Establishing the Jesuit Politburo

August 31, 2006

As the new academic year begins, six campus Protestant groups have been informed that their relationship with the University has been “terminated.” All six are outside groups with chapters on Georgetown’s campus. Now, only groups affiliated with the school’s official Campus Ministry will be recognized. The school’s apparent newfound desire to have its control over every facet of the vibrant and optimally independent student culture on campus must be stopped. This intrusion into student autonomy not only blocks essential freedom of expression, but also severely cheapens the remarkable non-academic achievements of Georgetown students.

While The Voice may not agree with all of the policies some of the student groups espouse (like InterVarsity’s ban on homosexual members, for instance), to banish them to the campus netherworld runs counter to the school’s longstanding reputation for religious tolerance and unnecessarily tightens University control of students’ non-academic lives.

This move towards centralized control is not new. It all began last year in the theater program. While the University-run Program in Performing Arts expanded and the addition of a theater major became a real possibility, student theater groups such as Nomadic Theater, Mask & Bauble, and the Black Theater Ensemble found themselves struggling to gain access to the brand new, state-of-the-art Davis Performing Arts Center. Student groups with histories dating back over 150 years became second-class citizens, it seems, once they were seen as competitors for student actors and resources to the (usually inferior) University program. The problem is not the existence of the PPA, but rather its suffocation of the already-existing theater groups on campus.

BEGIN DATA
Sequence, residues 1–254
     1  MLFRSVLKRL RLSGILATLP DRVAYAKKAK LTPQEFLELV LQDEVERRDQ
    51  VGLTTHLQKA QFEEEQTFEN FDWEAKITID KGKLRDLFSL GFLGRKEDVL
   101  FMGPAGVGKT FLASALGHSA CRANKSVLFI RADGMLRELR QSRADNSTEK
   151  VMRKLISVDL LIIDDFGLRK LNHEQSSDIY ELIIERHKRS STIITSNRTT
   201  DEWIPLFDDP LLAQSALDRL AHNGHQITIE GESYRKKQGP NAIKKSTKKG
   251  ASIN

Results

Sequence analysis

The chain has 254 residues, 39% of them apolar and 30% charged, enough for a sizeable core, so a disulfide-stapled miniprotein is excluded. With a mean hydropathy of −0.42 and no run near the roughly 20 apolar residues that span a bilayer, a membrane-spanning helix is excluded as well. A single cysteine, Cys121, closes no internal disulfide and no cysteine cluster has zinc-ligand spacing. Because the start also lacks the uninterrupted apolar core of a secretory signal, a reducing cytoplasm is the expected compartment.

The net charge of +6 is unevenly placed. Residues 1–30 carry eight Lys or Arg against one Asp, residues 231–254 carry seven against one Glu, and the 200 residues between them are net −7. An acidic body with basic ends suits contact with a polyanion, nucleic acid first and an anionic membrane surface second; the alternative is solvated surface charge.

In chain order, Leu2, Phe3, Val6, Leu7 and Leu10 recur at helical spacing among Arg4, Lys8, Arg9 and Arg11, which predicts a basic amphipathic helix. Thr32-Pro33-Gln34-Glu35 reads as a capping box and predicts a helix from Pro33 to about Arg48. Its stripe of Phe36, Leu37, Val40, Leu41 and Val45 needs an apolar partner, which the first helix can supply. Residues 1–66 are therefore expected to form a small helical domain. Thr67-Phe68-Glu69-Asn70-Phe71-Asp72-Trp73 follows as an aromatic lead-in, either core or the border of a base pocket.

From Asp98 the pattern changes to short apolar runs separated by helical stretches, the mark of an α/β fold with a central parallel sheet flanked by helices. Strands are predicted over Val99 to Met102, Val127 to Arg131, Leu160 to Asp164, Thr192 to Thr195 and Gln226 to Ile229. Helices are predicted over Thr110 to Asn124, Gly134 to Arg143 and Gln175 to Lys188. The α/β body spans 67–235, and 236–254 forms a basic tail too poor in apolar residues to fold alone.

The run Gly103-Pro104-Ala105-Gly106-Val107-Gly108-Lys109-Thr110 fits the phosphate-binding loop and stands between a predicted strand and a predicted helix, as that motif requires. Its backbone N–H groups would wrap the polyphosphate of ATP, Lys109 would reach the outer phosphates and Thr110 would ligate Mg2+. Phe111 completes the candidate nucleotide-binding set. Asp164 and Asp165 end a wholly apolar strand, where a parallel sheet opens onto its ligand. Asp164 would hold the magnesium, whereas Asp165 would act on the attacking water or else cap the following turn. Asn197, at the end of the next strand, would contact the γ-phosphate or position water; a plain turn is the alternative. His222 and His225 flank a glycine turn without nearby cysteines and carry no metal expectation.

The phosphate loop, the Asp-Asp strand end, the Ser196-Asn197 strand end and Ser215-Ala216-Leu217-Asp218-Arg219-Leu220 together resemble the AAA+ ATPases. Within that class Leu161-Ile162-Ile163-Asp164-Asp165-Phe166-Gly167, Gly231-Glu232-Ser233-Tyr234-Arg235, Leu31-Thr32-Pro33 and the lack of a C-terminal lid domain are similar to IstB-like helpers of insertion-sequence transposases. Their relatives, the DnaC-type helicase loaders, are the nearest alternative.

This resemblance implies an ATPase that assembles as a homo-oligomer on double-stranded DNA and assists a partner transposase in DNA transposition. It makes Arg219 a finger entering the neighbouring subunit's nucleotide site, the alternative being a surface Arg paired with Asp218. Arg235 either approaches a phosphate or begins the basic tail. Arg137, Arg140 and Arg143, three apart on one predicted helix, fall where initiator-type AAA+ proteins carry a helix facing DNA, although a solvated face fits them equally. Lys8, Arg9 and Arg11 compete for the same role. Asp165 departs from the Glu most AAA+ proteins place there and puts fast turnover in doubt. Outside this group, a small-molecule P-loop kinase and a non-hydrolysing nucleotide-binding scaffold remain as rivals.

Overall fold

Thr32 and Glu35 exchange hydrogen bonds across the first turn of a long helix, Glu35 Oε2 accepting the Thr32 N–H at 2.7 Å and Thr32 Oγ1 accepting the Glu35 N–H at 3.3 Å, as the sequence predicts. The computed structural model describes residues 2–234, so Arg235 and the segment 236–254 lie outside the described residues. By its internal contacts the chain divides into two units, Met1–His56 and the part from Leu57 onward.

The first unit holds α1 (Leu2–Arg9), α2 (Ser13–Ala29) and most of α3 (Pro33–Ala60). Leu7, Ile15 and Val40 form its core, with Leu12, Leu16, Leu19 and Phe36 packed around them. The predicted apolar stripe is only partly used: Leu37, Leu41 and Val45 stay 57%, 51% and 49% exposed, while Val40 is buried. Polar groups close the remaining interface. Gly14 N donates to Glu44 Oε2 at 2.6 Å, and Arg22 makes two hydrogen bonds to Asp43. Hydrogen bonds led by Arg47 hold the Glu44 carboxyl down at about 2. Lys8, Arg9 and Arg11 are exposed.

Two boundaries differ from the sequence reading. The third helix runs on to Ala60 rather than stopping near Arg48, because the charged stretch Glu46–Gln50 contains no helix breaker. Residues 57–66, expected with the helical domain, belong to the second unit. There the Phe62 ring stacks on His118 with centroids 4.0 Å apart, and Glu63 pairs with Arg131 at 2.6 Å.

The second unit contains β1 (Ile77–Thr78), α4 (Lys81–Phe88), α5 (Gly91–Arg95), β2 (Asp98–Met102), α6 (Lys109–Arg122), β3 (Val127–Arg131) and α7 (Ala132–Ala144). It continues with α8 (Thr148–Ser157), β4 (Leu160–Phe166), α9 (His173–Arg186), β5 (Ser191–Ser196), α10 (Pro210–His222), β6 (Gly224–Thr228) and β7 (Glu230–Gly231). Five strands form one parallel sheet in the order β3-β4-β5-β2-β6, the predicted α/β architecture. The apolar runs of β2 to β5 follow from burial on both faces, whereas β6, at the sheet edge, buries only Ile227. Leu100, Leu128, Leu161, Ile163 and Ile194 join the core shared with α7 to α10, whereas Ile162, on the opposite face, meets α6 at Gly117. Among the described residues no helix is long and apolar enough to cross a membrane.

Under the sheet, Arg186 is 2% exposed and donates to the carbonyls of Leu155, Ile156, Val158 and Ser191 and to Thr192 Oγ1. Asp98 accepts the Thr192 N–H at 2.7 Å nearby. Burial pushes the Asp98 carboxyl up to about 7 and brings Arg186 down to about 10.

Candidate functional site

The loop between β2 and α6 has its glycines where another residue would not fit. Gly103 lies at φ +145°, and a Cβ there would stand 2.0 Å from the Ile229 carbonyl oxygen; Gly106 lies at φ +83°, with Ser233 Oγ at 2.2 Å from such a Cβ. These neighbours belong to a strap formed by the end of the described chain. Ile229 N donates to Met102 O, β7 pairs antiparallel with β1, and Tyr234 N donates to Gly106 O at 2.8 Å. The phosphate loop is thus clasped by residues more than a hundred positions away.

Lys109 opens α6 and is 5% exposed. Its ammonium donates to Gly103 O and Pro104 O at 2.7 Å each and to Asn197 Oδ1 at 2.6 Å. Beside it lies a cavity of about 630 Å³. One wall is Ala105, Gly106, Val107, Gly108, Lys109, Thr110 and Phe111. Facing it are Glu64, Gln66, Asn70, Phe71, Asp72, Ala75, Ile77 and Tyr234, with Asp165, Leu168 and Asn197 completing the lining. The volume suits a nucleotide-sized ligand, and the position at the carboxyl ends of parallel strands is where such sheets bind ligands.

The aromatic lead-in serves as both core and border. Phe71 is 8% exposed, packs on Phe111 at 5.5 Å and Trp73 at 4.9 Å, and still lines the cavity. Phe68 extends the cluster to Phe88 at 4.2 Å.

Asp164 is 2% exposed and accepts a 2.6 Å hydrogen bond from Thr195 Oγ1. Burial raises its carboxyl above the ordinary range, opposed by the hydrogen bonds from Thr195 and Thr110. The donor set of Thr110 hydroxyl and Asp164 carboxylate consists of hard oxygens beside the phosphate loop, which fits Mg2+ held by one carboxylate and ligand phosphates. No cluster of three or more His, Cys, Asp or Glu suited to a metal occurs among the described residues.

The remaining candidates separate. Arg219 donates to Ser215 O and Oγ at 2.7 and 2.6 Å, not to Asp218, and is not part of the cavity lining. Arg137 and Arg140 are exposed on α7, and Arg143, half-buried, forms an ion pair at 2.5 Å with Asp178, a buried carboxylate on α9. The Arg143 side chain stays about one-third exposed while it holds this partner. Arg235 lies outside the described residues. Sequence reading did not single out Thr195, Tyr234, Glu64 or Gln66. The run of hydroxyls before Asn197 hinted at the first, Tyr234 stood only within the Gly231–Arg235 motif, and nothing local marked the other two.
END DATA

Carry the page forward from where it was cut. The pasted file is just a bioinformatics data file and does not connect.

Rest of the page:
Next came the battle our fellows-in-print at The Hoya waged for independence. As much as we may jest about our older-but-slightly-less-intelligent brother, (we, like woman, were born from their rib but became more beautiful), it is clear their admirable vision for independence was modeled after other successful campus papers such as the University of Pennsylvania’s Daily Pennsylvanian. The use of the name “Hoya” was a longtime sticking point in negotiations for their independence, though it was not the lone reason the push did not come to fruition. The University’s protection of the name seems a desperate maneuver with the lone effect of stifling the potential flourishing of an autonomous student organization.

While each of these maneuvers may seem only a temporary lapse in the University’s judgment when taken alone, together they become a disconcerting narrative that shows Georgetown headed down a slippery slope. It is time for the school to temper its sudden impulse toward Stalinist levels of control and allow student life to flourish, as it always has.

Editorial Board
The Editorial Board is the official opinion of the Georgetown Voice. Its current composition can be found on the masthead. The Board strives to publish critical analyses of events at both Georgetown and in the wider D.C. community. We welcome everyone from all backgrounds and experience levels to join us!

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